What is Inclusive Digital Banking and Why Should it Matter?

In today’s digital economy, inclusive banking is a requisite for bridging the barriers to access, especially for disabled persons.

Yvonne Okoro
Yvonne Okoro

According to the World Health Organization, there are statistically 2.2 billion people worldwide who are visually impaired (WHO, 2021).

The need for inclusion is a fundamental concern in financial services. Beyond the access to essential financial services, there is an urgency to design an all-inclusive financial system. Therefore, inclusive digital banking must remain a priority because it ensures every individual can access and use financial services regardless of their differences or disabilities.

In today’s digital economy, inclusive banking is a requisite for bridging the barriers to access, especially for disabled persons. Some financial institutions have designed their physical branches to simplify the experience of disabled customers and continually provide assistance to them. Similarly, financial providers should also consider removing barriers to banking for disabled people by utilising inclusive design principles to build accessible banking services. This could be applied to their websites, apps, and even banking cards. Through this approach, every individual can participate equally in accessing financial services.

Recently, Mastercard introduced an accessible card for blind and partially sighted people. Mastercard redesigned their debit, credit, and prepaid cards with different notches to allow visually impaired customers to identify and distinguish the various cards easily. To achieve this, Mastercard designed the credit cards to have a round notch; the debit cards have a broad, square notch; and the prepaid cards have a triangular notch.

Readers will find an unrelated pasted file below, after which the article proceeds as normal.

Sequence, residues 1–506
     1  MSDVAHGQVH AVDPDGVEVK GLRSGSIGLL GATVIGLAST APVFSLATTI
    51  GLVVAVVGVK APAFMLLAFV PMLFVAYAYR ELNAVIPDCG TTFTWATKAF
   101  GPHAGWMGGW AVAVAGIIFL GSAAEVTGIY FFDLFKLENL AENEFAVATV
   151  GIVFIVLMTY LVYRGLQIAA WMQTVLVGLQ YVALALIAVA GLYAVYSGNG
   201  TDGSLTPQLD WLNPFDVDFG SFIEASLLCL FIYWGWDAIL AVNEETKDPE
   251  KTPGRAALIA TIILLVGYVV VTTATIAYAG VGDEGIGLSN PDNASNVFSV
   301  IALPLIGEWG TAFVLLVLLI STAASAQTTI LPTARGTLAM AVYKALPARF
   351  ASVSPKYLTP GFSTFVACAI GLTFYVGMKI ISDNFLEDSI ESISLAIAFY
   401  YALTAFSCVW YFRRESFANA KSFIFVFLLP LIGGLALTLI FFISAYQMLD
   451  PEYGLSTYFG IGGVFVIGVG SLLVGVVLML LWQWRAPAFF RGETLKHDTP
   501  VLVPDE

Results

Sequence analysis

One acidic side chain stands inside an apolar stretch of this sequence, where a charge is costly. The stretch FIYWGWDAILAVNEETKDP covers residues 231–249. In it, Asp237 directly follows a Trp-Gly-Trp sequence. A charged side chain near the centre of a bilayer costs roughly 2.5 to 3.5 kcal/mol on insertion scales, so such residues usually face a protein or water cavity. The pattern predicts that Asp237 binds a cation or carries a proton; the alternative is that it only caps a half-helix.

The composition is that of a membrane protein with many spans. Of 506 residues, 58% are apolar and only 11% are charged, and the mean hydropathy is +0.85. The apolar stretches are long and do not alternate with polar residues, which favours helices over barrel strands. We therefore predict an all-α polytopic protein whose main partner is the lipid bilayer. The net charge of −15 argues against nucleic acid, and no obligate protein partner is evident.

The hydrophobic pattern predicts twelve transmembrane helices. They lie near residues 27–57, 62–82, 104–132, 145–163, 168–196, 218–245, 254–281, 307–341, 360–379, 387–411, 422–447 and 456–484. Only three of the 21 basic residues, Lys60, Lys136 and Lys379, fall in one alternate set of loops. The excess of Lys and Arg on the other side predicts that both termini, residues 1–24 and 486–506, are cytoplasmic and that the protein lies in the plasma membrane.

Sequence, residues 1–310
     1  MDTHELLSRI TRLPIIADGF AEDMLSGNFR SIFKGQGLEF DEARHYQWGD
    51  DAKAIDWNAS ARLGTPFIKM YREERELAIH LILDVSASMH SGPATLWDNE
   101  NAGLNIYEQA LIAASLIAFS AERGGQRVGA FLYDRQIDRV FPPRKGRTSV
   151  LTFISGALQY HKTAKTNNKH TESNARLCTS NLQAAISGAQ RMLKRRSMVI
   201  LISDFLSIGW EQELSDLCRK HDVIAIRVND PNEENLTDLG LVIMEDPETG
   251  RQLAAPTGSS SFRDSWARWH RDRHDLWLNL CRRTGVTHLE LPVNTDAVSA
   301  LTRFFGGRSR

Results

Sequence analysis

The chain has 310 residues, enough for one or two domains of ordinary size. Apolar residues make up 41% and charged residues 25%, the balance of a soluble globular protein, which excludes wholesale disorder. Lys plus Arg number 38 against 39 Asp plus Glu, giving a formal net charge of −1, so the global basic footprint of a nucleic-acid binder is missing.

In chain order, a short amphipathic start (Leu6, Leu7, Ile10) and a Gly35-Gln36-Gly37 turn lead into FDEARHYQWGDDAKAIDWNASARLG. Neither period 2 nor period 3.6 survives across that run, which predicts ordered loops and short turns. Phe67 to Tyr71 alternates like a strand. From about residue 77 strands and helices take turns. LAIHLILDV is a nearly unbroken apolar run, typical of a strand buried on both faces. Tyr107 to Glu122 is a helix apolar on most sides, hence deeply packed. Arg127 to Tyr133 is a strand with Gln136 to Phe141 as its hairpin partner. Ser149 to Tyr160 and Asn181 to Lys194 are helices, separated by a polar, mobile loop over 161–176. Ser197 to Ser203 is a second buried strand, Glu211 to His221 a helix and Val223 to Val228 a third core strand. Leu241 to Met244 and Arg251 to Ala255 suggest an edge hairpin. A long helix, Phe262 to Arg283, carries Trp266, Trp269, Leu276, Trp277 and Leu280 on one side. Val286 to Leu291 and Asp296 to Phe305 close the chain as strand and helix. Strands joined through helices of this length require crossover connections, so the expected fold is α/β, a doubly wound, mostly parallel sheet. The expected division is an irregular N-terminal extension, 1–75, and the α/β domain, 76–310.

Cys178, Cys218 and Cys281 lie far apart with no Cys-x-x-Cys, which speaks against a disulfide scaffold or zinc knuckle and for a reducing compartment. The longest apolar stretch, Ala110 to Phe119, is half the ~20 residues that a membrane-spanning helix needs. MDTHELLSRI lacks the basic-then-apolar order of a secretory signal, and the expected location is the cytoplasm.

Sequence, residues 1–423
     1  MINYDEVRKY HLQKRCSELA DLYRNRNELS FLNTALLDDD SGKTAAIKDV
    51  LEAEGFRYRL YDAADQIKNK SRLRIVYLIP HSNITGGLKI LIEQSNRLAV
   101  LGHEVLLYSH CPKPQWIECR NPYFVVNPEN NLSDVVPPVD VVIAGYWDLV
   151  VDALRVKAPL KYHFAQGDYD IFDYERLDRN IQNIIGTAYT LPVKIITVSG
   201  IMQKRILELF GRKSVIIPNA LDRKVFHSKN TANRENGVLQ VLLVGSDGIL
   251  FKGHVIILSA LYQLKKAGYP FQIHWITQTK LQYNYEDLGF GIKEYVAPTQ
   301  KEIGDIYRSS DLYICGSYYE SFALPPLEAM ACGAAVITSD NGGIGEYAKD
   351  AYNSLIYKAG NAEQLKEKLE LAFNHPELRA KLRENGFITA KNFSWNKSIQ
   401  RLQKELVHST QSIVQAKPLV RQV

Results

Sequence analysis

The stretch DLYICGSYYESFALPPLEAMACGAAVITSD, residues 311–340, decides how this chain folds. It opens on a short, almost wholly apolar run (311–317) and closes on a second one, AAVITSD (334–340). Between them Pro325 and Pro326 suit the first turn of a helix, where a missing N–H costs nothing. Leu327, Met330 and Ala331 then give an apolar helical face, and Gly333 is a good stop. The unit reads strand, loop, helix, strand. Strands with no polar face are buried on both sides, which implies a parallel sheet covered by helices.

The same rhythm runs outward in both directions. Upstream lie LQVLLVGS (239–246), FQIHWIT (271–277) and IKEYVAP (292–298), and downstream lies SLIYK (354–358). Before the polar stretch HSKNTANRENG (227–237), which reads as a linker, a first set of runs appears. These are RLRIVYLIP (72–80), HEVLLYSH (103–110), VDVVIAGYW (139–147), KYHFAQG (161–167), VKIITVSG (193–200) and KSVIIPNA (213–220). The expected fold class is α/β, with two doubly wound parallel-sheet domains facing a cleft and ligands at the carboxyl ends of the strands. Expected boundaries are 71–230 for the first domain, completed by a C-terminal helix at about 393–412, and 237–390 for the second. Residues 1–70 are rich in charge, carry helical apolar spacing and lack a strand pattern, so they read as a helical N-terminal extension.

New Touch Card credit card with a round notch, debit card with a broad squarish notch and a prepaid card with a triangular notch.


Before now, these cards were identified through the names and numbers inscribed on them. This innovative introduction of Torch Card by Mastercard contributes to inclusivity in financial services, enabling blind and partially sighted people to know which payment cards they’re using.

Also, the Kenyan Bankers Association (KBA) recently signed a deal with Financial Sector Deepening Trust (FSD Kenya) and software engineering firm Deaf eLimu Plus to create the first bank environment Kenyan Sign Language self-training mobile application.

The app features a dictionary containing banking environment vocabulary in Kenyan Sign Language (KSL), a community that allows users to record and share their sign language videos and phrases relating to banking vocabulary.

An ideal digital financial ecosystem would enable people with disabilities to have the same opportunity to access financial services and achieve financial independence as any other individual would.

Financial inclusion

Yvonne Okoro

Financial Sector Communications